A new group is examining what growing hemp might mean for Mississippi’s economy.
Legislators created the hemp cultivation task force, and the group held its first meeting at the state capitol.
The session was more of a meet and greet for supporters, opponents and those interested in how hemp works.
The U.S. Congress last year approved allowing production of non-intoxicating hemp in heavily regulated programs.
Here in Mississippi it’s still against the law.
“Hemp remains a schedule one control substance and that is why the legislature put in this bill our mandate to research this,” Agriculture Commissioner Andy Gipson
Task force members include legislators, employees from universities, the attorney general’s and secretary of state’s offices, the state health department and the Mississippi Bureau of Narcotics.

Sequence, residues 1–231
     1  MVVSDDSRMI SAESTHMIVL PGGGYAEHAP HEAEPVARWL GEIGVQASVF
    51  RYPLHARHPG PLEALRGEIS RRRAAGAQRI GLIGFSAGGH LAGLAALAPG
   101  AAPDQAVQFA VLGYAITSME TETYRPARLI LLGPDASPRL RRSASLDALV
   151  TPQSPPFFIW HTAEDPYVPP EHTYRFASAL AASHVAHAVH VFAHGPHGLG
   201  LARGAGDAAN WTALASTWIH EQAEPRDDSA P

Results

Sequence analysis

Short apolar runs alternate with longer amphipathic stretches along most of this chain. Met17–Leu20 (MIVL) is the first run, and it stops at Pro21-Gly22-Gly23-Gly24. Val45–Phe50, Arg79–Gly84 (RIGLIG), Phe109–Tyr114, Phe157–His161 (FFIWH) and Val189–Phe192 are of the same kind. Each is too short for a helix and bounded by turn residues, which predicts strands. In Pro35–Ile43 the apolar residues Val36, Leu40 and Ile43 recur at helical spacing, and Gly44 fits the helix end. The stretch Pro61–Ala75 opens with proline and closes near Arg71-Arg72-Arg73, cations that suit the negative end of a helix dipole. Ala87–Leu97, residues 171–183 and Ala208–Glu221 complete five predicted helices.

Commissioner Gipson leads the force.
“There are many challenges and also opportunities with regard to potential cultivation of hemp in Mississippi the task force will consider both the challenges and the opportunities,” said Gipson.
And the confusion among some in law enforcement is about the difference between hemp and pot.
“It’s a difference between hemp and marijuana and as it was defined in the federal law in the farm bill hemp is not to have a THC content of more than 0.3 percent so that is the distinction,” he said.
Each year the task force must make its findings available to the state legislature one month before the session .
The public is allowed to weigh in during these meetings— public meeting notices will be provided by the Mississippi Department of Agriculture.